RobGalbraith.com
Go to advertiser website.
     Home
     RSS
     CF/SD/XQD
     About
     Contact
Go
Go to advertiser website.
 
Image Rescue comes to OS X  
Wednesday, September 25, 2002 | by
It wasn't that long ago that Mac users had to jump through several flaming Windows hoops to recover photos from an errant CompactFlash card. What a difference a few months make. There are now three Mac applications that purport to restore lost photos: Data Rescue's Photo Rescue (OS X), Andrew Toth's Salvage (OS 8.6 and later) and now Lexar Media's Image Rescue (OS X), announced this week at Photokina 2002 in Cologne, Germany.


Lexar Media Image Rescue 1.1, running under Mac OS X 10.2

Identical in functionality to its Windows counterpart, Image Rescue 1.1 for OS X will recover photos from Lexar's own CompactFlash media, even from cards that won't mount on the Mac desktop. Image Rescue uses a single recovery method: it scans for contiguous files, photos whose bits have been laid down sequentially to the card. This recovery method, while simple, is also extremely powerful; as long as you format your card in the camera before reuse, photos will be written to the card mostly or entirely contiguously.

Those who never format, sometimes put the card back in the camera with a selection of photos from previous assignments still on it or use the card to transfer non-photo files from computer to computer, won't be shown much love by Image Rescue. The program's recovery method hinges on being able to locate contiguously-ordered files.

Image Rescue works exclusively with Lexar-brand CompactFlash cards, and only those marked USB-enabled. It works exclusively with the company's USB Jumpshot reader, which is bundled in the box with Image Rescue. It's designed to recover, says Lexar's Director of Applications Engineering Dan Le, regular JPEG and TIFF, plus popular digital SLR RAW formats too, including:

  • Nikon: Compressed and uncompressed NEF
  • Canon: TIF, CRW
  • Kodak: TIF, DCR

Note: certain other camera RAW formats are supported too, though I've not listed them above.

In addition to photo recovery, the program will also:

  • Test for hardware errors. Image Rescue's Card Test routine will scan the card for bad sectors; if found, this points to a potentially serious problem with the CompactFlash card, since flash memory should never reveal bad sectors to host software like Image Rescue.

  • Apply a true DOS format. The Format function writes out a true, DOS-compatible file system to the card. Not all cameras seem to do this in my testing, but Image Rescue's format function preps the card identically to DOS itself.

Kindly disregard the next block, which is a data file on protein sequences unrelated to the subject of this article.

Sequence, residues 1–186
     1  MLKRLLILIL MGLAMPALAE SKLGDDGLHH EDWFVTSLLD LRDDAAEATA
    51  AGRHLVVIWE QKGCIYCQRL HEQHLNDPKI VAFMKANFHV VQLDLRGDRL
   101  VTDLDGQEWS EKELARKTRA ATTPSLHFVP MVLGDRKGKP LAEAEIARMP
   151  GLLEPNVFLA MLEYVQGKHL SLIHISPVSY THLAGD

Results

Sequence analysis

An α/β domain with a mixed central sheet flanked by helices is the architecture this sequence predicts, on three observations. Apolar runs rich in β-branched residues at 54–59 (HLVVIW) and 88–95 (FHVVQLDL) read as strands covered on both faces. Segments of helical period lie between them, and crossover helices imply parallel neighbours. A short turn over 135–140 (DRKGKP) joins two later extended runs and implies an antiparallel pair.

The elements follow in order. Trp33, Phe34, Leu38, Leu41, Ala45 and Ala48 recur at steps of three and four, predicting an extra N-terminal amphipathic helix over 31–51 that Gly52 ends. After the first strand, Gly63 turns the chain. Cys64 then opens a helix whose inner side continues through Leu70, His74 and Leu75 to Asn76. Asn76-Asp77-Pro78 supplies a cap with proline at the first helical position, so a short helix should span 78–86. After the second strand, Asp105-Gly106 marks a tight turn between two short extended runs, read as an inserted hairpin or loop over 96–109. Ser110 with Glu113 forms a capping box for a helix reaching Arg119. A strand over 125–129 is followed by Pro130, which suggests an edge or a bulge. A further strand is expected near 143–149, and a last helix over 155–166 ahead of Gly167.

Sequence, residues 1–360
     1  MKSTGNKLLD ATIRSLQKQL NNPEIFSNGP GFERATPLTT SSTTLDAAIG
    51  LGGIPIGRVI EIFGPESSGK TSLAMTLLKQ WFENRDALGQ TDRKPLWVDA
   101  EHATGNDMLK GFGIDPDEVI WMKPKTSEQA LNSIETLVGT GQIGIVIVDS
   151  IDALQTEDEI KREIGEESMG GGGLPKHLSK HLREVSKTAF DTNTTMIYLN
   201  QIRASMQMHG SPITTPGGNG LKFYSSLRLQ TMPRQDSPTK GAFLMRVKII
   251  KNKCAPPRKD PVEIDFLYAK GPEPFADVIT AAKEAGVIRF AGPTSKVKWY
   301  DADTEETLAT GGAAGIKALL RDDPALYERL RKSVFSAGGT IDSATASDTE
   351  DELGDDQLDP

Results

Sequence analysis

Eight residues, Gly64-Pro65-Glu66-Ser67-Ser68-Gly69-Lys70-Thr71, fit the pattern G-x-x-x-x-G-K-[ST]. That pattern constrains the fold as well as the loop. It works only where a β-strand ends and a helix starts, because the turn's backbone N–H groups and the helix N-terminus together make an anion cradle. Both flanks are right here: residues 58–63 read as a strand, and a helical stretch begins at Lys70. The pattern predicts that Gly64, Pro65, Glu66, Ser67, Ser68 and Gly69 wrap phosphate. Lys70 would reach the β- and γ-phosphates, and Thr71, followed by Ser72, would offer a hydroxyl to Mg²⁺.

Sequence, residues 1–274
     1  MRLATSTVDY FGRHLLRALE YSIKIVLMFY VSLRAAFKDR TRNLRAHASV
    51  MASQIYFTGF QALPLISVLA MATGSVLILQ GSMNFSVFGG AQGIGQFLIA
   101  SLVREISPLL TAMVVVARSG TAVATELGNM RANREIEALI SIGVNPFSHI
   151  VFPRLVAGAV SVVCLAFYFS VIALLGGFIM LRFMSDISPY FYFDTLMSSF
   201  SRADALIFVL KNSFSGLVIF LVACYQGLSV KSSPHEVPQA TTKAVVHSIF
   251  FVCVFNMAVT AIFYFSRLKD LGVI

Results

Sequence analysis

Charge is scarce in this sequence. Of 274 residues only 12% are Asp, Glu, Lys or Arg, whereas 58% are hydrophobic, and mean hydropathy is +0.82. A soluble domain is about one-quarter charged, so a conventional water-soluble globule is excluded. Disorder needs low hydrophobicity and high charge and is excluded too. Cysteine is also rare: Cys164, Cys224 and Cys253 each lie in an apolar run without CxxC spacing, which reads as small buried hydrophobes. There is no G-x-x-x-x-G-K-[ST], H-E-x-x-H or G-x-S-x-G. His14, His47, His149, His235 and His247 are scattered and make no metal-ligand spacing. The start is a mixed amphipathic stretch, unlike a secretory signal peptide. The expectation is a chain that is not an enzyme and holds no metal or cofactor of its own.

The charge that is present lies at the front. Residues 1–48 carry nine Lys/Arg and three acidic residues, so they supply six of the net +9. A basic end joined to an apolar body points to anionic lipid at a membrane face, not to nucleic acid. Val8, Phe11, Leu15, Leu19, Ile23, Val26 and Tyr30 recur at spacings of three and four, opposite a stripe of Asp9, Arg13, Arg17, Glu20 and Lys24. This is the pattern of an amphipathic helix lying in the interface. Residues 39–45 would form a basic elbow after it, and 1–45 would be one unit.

• Overwrite the entire card with zeros. In a perfect world, this shouldn't be necessary. But, a dozen times a year or more I encounter photographers whose cards aren't functioning normally, where laying down zeros over the entire media, including in the key file system areas, allows the card to be recognized and formatted again. I don't know why this happens, but I've seen it enough to consider this an essential function. Image Rescue's Secure Erase does just this, and it's a good way to prep for reuse a card that has been misbehaving.


Secure Erase

Image Rescue is an excellent addition to the software arsenal of any photographer using Lexar Media CompactFlash cards. It's not perfect: recovery from higher capacity cards would be significantly quicker if the company's FireWire CompactFlash card reader were supported, or the JumpShot cable were USB 2.0, not the pokey USB 1.1. Plus, recovery of contiguous files is most effective only if the photographer formats cards regularly. Data Rescue's Photo Rescue, by comparison, offers several recovery methods, in addition to contiguous file recovery (though even in that program, its contiguous file scan usually yields the most photos).

Looked at as a suite of helpful CompactFlash utilities, presented in a user-friendly interface, Image Rescue is hard to beat, however. At an expected street price of only US$40, Lexar card owners would be to well-advised to buy both Image Rescue and the US$29 Photo Rescue. On deadline, in the middle of nowhere, or even in the confines of the photo studio, it's good to have multiple butt-saving options.

Image Rescue for OS X, as well as Windows 98SE/2000/ME/XP, is slated to ship mid-October. It will be available from pro photography outlets and from Lexar's online store. Included will be a USB Jumpshot cable, Mac/Windows program CD and QuickStart guide. Lexar has no plans to offer a downloadable version of Image Rescue for those who own a JumpShot cable already, says Lexar's Director of Product Marketing Dave Klenske. The program will also be bundled with Lexar's upcoming Write Acceleration 24X Pro Series Compactflash cards.

Previously, Image Rescue was only available to pro photo dealers, for use in recovering customer cards, and only on Windows. Dealers will be able to continue offering this service.

Send this page to: Twitter Twitter Facebook Facebook Google Bookmarks Google Bookmarks Email Email
Go to advertiser website.
2000-2013 Little Guy Media. Not to be reproduced without written permission.